California HR

Exempt vs. Non-Exempt: California Rules on Employee Suspensions

We recently received the following question from a subscriber:

Can we suspend an exempt employee without pay for violating a written policy?

Our answer:


An employer in California may deduct from the salary of an exempt employee for time off because of a disciplinary suspension if the suspension is for a full week or more. Deductions may not be made if the time off is a partial day, a full day, or a partial week.

These standards are different from the federal standards. Under
the FLSA, deductions from the pay of exempt employees may be made for
unpaid disciplinary suspensions of one or more full days imposed in good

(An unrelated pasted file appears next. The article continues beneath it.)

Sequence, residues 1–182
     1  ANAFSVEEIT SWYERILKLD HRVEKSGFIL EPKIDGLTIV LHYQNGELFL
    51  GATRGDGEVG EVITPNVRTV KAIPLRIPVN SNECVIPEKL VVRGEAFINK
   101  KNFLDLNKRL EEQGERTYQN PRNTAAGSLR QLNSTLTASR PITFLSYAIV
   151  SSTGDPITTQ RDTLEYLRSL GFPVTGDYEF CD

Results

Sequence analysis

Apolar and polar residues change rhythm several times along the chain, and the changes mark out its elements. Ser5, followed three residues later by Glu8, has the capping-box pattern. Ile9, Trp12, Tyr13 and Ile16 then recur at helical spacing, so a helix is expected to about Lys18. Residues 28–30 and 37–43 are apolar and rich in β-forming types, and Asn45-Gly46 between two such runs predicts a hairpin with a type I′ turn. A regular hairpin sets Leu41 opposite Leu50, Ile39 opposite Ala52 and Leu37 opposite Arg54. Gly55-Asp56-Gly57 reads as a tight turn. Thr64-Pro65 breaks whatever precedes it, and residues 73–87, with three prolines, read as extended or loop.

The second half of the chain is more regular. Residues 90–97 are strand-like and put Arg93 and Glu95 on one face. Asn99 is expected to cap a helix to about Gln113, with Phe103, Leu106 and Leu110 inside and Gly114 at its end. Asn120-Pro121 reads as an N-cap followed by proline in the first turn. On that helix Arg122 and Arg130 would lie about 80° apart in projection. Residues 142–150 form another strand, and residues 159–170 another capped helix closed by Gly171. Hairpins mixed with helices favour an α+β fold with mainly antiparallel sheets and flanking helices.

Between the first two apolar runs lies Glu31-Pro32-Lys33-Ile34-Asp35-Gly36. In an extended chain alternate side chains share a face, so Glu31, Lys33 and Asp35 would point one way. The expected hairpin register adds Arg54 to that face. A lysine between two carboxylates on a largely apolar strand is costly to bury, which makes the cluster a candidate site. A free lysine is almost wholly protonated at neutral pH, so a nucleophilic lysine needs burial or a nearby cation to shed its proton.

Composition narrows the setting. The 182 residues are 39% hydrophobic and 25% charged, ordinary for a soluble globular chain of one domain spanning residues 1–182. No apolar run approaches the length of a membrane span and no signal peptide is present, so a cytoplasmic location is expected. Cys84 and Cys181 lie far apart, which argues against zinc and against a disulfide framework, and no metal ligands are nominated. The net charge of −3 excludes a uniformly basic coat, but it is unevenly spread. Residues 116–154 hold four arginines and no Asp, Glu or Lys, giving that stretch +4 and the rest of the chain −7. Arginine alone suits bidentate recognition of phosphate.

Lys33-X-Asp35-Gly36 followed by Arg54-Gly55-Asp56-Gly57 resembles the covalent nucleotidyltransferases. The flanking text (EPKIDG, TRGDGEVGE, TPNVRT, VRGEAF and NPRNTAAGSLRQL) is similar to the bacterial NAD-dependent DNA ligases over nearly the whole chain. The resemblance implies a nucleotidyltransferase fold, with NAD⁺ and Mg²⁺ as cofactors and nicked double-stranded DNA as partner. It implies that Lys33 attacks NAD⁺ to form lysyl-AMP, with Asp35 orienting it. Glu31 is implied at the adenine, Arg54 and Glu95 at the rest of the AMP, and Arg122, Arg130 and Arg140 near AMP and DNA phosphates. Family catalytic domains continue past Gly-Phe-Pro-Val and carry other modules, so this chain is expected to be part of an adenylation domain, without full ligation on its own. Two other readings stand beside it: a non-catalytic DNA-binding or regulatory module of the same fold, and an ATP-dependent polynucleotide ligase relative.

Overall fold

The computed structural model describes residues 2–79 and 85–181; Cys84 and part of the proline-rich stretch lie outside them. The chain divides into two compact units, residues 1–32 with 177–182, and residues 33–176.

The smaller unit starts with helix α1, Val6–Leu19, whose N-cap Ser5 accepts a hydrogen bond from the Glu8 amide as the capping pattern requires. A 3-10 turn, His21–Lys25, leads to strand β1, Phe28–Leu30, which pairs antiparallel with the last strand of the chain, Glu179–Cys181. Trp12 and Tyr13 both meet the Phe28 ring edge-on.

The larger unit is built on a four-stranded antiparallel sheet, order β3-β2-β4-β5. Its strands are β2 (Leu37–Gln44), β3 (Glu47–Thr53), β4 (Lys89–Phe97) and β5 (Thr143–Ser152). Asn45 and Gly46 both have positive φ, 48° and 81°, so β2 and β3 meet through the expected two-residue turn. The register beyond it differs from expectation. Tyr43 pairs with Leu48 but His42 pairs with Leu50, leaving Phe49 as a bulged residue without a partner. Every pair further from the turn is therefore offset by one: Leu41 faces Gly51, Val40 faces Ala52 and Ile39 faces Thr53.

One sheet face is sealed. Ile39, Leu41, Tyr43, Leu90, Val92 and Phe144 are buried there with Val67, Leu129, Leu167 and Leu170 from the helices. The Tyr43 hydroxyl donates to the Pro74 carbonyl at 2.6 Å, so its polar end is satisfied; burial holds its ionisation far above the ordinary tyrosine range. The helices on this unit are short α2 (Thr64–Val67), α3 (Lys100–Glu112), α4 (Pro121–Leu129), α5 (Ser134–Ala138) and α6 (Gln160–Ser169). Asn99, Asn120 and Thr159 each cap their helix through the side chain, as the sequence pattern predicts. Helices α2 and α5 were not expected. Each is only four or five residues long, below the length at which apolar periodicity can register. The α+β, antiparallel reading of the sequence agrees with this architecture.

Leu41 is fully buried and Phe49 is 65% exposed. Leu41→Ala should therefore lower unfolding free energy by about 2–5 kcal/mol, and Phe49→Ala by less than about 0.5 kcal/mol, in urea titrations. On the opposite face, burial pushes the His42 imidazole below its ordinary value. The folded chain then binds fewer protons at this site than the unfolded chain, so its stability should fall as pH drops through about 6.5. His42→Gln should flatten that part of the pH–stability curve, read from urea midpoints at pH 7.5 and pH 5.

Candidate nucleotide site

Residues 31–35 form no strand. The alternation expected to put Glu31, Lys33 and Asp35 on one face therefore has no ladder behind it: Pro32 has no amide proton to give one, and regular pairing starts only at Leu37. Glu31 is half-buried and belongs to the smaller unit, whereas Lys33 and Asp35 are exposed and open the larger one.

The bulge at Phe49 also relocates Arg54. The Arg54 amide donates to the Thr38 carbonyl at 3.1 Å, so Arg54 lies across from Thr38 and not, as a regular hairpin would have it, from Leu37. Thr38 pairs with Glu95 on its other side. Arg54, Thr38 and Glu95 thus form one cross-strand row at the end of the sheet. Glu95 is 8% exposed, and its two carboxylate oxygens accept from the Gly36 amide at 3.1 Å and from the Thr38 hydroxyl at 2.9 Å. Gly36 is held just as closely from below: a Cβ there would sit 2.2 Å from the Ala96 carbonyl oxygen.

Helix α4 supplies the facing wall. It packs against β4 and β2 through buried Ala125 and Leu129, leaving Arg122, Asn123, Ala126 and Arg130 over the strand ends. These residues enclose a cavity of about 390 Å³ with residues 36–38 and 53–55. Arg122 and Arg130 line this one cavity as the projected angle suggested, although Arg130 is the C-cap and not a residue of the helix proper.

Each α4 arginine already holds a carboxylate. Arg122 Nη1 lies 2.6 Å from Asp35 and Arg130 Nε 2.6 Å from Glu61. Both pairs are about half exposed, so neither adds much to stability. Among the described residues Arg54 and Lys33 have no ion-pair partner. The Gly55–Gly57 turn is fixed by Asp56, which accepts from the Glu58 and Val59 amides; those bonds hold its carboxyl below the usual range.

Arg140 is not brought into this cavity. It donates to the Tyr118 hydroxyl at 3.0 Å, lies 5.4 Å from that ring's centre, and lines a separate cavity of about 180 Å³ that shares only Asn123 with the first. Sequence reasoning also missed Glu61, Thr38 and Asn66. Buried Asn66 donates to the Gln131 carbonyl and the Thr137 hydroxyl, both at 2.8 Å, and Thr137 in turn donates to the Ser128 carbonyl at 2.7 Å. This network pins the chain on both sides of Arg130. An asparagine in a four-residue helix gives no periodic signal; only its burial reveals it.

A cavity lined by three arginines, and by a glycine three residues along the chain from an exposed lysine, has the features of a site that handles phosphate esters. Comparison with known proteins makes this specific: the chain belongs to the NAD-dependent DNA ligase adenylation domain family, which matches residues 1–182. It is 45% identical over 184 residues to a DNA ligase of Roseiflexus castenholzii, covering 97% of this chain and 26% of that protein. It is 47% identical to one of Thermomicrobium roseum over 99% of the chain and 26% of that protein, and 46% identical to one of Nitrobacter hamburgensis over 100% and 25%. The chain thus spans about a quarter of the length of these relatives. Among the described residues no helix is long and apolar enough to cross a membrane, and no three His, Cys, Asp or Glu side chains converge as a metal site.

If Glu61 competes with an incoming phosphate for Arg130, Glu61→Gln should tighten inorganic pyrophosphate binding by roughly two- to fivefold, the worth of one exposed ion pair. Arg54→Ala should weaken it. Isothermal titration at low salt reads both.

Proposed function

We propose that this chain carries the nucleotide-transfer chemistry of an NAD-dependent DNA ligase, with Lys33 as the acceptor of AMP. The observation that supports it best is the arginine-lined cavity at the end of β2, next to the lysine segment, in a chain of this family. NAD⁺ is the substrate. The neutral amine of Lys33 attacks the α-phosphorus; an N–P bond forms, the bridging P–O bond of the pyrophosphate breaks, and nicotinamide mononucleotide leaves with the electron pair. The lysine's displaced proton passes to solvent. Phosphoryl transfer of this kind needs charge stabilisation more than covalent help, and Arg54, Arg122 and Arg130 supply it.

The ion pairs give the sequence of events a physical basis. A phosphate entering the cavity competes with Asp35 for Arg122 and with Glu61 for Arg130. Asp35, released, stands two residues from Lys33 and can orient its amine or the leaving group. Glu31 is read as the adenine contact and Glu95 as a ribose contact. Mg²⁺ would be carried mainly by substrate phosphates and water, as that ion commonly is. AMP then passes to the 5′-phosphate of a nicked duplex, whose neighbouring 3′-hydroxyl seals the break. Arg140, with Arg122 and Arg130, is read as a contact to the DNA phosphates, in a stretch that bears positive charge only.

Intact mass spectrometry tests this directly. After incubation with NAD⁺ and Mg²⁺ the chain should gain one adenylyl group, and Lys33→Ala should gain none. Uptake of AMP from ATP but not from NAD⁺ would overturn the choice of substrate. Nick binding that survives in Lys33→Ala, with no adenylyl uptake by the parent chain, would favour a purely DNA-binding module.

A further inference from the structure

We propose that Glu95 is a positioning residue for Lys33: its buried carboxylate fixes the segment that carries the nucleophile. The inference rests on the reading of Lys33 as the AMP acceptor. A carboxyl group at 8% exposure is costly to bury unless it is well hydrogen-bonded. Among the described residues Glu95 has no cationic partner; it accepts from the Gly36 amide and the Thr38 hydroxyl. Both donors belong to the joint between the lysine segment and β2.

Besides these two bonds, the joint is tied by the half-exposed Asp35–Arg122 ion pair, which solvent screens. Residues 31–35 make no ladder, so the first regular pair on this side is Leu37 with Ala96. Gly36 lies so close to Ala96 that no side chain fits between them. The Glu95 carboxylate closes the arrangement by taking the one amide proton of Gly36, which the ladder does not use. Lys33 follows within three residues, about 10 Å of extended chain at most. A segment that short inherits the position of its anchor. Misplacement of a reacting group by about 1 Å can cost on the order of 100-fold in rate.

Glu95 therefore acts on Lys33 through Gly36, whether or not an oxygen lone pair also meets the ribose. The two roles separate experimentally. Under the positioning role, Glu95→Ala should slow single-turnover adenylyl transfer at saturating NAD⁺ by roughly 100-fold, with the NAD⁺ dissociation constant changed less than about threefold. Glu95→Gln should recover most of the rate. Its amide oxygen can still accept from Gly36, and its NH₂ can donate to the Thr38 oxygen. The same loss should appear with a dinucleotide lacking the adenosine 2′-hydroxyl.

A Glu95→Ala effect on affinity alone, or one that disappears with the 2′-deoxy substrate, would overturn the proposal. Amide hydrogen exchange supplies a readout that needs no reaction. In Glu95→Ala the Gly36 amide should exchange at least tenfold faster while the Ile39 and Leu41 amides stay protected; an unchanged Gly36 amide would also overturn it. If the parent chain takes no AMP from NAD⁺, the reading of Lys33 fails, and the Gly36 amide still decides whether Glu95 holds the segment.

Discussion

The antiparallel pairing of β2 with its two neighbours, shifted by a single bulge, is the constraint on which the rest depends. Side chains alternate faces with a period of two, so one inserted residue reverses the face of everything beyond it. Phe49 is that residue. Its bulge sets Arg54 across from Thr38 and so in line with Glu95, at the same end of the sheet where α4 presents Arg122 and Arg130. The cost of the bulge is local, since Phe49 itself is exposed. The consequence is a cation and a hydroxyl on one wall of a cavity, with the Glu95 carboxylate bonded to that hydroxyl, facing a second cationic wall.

faith for infractions of workplace conduct rules, such as rules
prohibiting sexual harassment, workplace violence, drug or alcohol use,
or for violations of state or federal laws, as long as the suspension is
made pursuant to a written policy applicable to all employees.

Want more on exempt vs. non-exempt: California-specific rules? Download our free White Paper, Who’s Entitled to Overtime: How to Avoid Mistakes When Classifying California Employees.